Lord, do not be far from me.
You are my strength; come quickly to help me.
Deliver me from the sword,
my precious life from the power of the dogs.
Rescue me from the mouth of the lions;
save me from the horns of the wild oxen.

Then the governor’s soldiers took Jesus into the Praetorium. They stripped him and put a scarlet robe on him, and then twisted together a crown of thorns and set it on his head. They put a staff in his right hand. Then they knelt in front of him and mocked him. “Hail, king of the Jews!” they said. They spit on him, and took the staff and struck him on the head again and again. Then they led him away to crucify him.

Yet you are enthroned as the Holy One;
you are the one Israel praises.
In you our ancestors put their trust;
they trusted and you delivered them.
To you they cried out and were saved;
in you they trusted and were not put to shame.

They took Jesus to a place called Golgotha (which means “the place of the skull”). There they offered him wine to drink, mixed with gall; but after tasting it, he refused to drink it. When they had crucified him, they divided up his clothes by casting lots. And sitting down, they kept watch over him there.

 Dogs surround me,
a pack of villains encircles me;
they pierce my hands and my feet.
All my bones are on display;
people stare and gloat over me.
They divide my clothes among them
and cast lots for my garment.

Above his head they placed the written charge against him: this is jesus, the king of the jews.

Two rebels were crucified with Jesus, one on his right and one on his left. Those who passed by hurled insults at him, shaking their heads and saying, “You who are going to destroy the temple and build it in three days, save yourself! Come down from the cross, if you are the Son of God!”  In the same way the chief priests, the teachers of the law and the elders mocked him. “He saved others,” they said, “but he can’t save himself! He’s the king of Israel! Let him come down now from the cross, and we will believe in him. He trusts in God. Let God rescue him now if he wants him, for he said, ‘I am the Son of God.’” In the same way the rebels who were crucified with him also heaped insults on him.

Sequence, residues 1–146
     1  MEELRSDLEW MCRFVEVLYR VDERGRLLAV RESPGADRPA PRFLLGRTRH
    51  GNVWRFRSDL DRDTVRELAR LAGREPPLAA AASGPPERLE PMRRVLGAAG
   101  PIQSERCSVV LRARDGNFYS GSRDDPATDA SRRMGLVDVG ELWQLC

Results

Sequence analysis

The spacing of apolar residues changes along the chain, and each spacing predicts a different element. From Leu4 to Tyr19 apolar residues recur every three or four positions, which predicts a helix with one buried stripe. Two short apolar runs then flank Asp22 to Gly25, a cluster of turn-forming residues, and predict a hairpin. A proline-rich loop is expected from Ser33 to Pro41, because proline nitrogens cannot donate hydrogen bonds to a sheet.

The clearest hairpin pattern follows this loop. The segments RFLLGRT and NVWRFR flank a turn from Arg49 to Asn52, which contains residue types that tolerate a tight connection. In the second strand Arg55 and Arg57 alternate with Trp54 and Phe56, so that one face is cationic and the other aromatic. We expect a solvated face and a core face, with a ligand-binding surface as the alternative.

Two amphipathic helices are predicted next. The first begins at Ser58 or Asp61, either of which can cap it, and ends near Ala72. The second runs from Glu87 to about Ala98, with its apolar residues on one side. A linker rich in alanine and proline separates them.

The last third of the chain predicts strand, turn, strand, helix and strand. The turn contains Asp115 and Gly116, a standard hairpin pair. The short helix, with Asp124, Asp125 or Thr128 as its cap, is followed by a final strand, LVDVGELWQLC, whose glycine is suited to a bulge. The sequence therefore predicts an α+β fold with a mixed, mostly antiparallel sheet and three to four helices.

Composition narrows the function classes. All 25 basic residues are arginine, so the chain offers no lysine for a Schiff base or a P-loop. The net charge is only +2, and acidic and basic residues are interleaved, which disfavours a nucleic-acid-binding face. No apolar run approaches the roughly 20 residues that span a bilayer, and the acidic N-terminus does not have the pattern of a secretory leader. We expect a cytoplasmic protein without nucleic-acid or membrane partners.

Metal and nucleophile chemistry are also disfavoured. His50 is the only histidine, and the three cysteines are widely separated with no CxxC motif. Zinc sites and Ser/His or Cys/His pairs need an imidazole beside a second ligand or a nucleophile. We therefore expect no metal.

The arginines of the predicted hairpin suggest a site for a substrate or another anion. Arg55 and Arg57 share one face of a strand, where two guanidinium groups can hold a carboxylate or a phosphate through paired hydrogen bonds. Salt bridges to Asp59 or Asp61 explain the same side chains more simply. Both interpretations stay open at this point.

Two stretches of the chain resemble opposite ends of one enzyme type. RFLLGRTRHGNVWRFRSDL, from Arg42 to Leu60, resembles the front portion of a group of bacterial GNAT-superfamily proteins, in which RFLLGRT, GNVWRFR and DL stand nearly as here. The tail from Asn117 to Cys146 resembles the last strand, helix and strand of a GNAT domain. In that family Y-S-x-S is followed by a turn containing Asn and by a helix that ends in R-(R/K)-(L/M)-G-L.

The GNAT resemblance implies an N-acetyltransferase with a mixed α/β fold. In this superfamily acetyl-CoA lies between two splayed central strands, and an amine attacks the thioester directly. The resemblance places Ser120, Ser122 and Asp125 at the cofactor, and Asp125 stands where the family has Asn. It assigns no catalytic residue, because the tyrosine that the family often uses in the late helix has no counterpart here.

I am a worm and not a man,
scorned by everyone, despised by the people.
All who see me mock me;
they hurl insults, shaking their heads.
“He trusts in the Lord,” they say,
“let the Lord rescue him.
Let him deliver him,
since he delights in him.”

From noon until three in the afternoon darkness came over all the land. About three in the afternoon Jesus cried out in a loud voice, “Eli, Eli, lema sabachthani?” (which means “My God, my God, why have you forsaken me?”).

My God, my God, why have you forsaken me?
Why are you so far from saving me,
so far from my cries of anguish?
My God, I cry out by day, but you do not answer,
by night, but I find no rest.

When some of those standing there heard this, they said, “He’s calling Elijah.” Immediately one of them ran and got a sponge. He filled it with wine vinegar, put it on a staff, and offered it to Jesus to drink. The rest said, “Now leave him alone. Let’s see if Elijah comes to save him.”

Many bulls surround me;
strong bulls of Bashan encircle me.
Roaring lions that tear their prey
open their mouths wide against me.
I am poured out like water,
and all my bones are out of joint.
My heart has turned to wax;
it has melted within me.
My mouth is dried up like a potsherd,
and my tongue sticks to the roof of my mouth;
you lay me in the dust of death.

And when Jesus had cried out again in a loud voice, he gave up his spirit. At that moment the curtain of the temple was torn in two from top to bottom. The earth shook, the rocks split and the tombs broke open.

You who fear the Lord, praise him!
All you descendants of Jacob, honor him!
Revere him, all you descendants of Israel!
For he has not despised or scorned
the suffering of the afflicted one;
he has not hidden his face from him
but has listened to his cry for help.

When the centurion and those with him who were guarding Jesus saw the earthquake and all that had happened, they were terrified, and exclaimed, “Surely he was the Son of God!”

All the ends of the earth
will remember and turn to the Lord,